Interview: Next Biometrics’ CEO Tore Etholm-Idsoe on biometric smartcards
14 December 2016 14:03 GMT

By Craig Guthrie, editor

From conference sessions to lightning pitches and an abundance of exhibition stands, smartcards featuring biometric security tech seemed to be everywhere at Trustech in Cannes this year. 

There weren’t just fingerprint sensors, some companies had also added microphones, LED displays and other processing capabilities to the slices of plastic that have become so vital in our everyday lives.

For the more experienced in the industry, this was far from new – biometric firms have been trying for years to develop a card that meets stringent thinness and flexibility standards (and that meets banks’ equally strict usability needs).

But there seemed a new momentum behind the innovation that was on show. Perhaps representing a convergence of recent technological advances and rapidly evolving market trends.

Before the show, Norway’s NEXT Biometrics has been among the forerunners in the emerging sector – the company has already secured three major deals for its flexible smartcard-focused sensors, and it has a production capacity target of 10 million per month for these in 2018.

Planet Biometrics sat down with NEXT Biometrics’ CEO Tore Etholm-Idsoe in Cannes to explore the surge in interest in smartcards.

Why are so many firms moving towards smartcards?

This space in the smartphone sector is getting congested. Since 2013 when Apple launched Touch ID, a lot of companies - in China in particular - have been on a path towards copies.

There are now more than 10 companies offering small sensors for smartphones – so the market needs another truly high volume application. The obvious big one is smart cards, which has major volume potential.

Companies have been trying to develop ISO-standard cards with fingerprint sensors for more than a decade - why has it taken so long to get to this point?

It’s not easy – and this is due to two main elements.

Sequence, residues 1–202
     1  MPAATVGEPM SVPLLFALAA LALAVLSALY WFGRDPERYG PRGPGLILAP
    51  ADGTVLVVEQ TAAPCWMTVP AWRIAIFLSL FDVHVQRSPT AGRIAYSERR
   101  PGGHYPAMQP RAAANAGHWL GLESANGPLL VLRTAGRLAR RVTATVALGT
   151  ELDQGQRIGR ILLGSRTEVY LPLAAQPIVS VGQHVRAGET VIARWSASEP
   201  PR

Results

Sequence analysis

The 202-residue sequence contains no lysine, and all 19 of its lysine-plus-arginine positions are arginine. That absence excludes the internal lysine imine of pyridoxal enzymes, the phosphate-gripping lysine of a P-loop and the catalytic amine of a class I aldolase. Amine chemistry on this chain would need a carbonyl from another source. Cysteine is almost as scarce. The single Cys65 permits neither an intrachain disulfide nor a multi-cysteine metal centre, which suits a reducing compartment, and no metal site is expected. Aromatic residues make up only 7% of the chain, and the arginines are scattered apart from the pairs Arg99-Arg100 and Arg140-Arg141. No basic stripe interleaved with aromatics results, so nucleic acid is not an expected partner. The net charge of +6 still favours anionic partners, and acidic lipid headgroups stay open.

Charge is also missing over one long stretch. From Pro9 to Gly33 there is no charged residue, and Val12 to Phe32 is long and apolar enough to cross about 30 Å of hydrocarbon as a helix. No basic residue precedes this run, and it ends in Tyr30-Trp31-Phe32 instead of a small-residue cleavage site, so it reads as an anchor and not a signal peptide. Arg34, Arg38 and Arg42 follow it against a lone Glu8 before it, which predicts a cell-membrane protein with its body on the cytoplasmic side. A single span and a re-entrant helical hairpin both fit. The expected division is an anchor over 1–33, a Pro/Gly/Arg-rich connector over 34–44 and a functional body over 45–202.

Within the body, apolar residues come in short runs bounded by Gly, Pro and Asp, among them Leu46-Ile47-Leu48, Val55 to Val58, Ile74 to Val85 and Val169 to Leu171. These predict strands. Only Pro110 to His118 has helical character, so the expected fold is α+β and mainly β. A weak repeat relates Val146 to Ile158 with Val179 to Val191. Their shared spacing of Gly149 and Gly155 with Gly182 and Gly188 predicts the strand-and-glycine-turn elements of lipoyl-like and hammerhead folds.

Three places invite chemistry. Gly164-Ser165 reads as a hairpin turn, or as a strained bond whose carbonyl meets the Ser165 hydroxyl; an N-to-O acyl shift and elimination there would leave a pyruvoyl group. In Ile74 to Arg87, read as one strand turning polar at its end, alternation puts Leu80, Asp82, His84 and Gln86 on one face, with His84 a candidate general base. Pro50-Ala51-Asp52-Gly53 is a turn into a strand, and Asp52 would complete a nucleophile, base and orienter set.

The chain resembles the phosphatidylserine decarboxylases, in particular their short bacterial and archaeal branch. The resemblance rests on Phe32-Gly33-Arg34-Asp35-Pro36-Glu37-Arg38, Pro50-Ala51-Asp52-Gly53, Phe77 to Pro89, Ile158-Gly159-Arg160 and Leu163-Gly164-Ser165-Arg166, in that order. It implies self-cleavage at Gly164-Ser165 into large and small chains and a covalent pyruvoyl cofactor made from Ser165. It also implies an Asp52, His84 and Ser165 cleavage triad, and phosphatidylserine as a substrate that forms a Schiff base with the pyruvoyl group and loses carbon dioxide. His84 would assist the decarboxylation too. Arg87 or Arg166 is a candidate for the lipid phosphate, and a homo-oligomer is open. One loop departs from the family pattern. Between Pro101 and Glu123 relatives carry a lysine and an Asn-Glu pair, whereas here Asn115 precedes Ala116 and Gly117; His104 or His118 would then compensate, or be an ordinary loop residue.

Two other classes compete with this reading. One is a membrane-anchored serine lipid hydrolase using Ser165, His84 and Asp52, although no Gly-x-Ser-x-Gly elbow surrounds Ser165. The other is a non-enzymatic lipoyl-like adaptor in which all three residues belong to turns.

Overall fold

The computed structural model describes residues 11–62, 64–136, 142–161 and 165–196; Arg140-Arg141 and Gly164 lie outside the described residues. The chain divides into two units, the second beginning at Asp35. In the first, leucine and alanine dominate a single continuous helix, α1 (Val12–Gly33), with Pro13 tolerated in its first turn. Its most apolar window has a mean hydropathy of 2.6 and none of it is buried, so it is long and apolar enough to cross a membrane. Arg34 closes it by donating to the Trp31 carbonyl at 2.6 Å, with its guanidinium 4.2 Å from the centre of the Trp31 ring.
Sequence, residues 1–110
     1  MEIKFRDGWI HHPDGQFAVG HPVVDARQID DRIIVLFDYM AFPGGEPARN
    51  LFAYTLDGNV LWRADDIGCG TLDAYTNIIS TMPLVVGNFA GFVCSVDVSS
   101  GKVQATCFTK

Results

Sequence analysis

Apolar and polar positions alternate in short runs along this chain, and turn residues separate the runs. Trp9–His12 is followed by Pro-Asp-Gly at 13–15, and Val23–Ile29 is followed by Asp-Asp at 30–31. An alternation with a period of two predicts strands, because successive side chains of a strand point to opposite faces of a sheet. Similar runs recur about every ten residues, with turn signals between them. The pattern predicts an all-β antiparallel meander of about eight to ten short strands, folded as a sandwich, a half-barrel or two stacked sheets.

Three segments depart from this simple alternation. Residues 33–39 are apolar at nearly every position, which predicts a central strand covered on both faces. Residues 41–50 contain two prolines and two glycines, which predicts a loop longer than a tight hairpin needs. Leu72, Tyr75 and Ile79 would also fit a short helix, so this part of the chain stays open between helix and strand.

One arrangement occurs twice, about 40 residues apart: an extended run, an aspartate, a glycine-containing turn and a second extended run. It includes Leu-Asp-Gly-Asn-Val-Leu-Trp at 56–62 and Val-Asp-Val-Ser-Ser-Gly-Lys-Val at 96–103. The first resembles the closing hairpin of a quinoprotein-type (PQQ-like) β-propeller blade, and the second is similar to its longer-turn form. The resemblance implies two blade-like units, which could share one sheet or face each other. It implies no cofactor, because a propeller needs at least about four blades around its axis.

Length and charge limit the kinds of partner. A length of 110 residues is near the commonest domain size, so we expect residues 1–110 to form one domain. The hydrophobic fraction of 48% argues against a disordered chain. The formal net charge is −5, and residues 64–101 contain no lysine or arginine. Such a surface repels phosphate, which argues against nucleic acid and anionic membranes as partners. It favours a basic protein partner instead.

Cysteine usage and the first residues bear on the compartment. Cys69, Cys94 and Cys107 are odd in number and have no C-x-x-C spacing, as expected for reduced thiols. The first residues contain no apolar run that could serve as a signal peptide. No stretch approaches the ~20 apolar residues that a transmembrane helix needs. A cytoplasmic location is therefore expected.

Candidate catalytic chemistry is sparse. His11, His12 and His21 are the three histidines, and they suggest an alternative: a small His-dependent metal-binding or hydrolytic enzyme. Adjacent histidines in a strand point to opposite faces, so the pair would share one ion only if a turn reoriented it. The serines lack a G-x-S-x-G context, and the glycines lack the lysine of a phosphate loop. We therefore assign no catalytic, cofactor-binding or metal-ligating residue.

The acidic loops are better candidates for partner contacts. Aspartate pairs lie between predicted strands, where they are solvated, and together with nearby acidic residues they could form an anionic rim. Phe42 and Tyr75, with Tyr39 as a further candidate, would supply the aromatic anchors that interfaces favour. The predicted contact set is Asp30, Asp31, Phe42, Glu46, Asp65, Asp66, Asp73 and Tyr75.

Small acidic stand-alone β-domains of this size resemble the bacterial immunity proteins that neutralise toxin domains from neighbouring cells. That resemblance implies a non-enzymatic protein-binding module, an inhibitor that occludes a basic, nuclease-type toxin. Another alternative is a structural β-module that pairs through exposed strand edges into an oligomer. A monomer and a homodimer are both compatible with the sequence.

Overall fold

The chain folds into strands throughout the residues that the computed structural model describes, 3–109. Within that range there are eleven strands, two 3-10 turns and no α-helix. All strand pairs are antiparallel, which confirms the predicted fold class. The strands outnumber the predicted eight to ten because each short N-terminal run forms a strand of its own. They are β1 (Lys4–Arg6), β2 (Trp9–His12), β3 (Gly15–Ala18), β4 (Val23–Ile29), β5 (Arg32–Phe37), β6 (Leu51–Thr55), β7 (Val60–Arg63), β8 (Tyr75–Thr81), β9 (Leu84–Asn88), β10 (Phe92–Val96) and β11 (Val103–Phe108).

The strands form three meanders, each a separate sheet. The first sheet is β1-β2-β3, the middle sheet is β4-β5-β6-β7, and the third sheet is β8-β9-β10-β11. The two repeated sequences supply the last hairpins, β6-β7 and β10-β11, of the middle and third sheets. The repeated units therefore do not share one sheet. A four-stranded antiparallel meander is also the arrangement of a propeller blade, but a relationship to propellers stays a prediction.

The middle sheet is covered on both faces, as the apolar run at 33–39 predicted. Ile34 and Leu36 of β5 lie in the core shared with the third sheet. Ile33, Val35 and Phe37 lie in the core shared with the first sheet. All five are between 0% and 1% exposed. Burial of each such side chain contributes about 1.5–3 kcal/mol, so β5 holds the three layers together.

First, there is the motivation within the smartcard industry. This was not great up until implementation of fingerprint sensors on the iPhone and with the emergence of competing payments schemes.

The traditional payment industry is under increasing pressure – general user adoption of Touch ID has become so enormously good – and key companies within payment, government and corporate access applications are now also focusing on fingerprint sensors.

The second issue is the complexity, this task is not easy.  A sensor on a smartcard needs to be flexible, low coast and at the same time large- Size is key because a smartcard application is something entirely different from a smartphone - it is not OK that it works securely and conveniently for a limited percentage of the users  it needs to work for close to 100% of the target population.

This is why the biometric system on cards ISO standards now demands a minimum size of 169 square mm -  13x13 mm, which is consistent with what is documented at university level and also what real life biometric industry experience dictates.

We have followed all the requirements of the smart card and the biometric industry and made ur sensors large and fully flexible  - the smartcard industry don’t want a rigid component inside the card, longer or wider than 3 mm. 

At this show and elsewhere, you may have seen conceptual projects using silicon sensors. These are not approved in the industry. You may find them in some initial pilots or niche applications, but it is not applicable in mass market payment or governmental applications - Large volume players can’t accept silicon-based sensors. 

Another major challenge has been the fact that flexible electronics do not yet exist in mass applications – we have had to create solutions.

Fortunately for us, our low temperature process, or the one that our mass production partner Innolux is offering, exists in the same tech as used in flexible displays.

This gives us a fast and credible route to mass production , and we are already several years down the road in this process.

What would you say are the benefits of your system over others?

Quite simply no others meet all the fundamental requirements, we are obviously focused on the sensor side and have partners that are working on the card element. But this combination of size, flexibility  and meeting all relevant ISO standards, thus meeting the true mass-market requirements – there are no others.

What are the remaining barriers towards wide-scale biometric smart card adoption?

Smartphones have really paved the way for this. Users are now ready and willing to use fingerprinting in a wide range of applications. Large sensors provide a true and recognised sense of security, and are very convenient.  

The smart card industry is ready but many people have also had bad experiences with fingerprint sensors on smartphones – this has been an important challenge to overcome because you will never see governments or major banks or payment providers rolling these out in the millions if the solutions do not work for close to 100% of users.

Our smart card partners and the end organizations buying our product are very solid – they are starting by looking at governmental and financial applications for multi-functional cards. And they are typically starting out in markets segments with high crime rates and/or low smart card penetration or in premium segments – where fast and secure use authentication offers an attractive value proposition.

 

 

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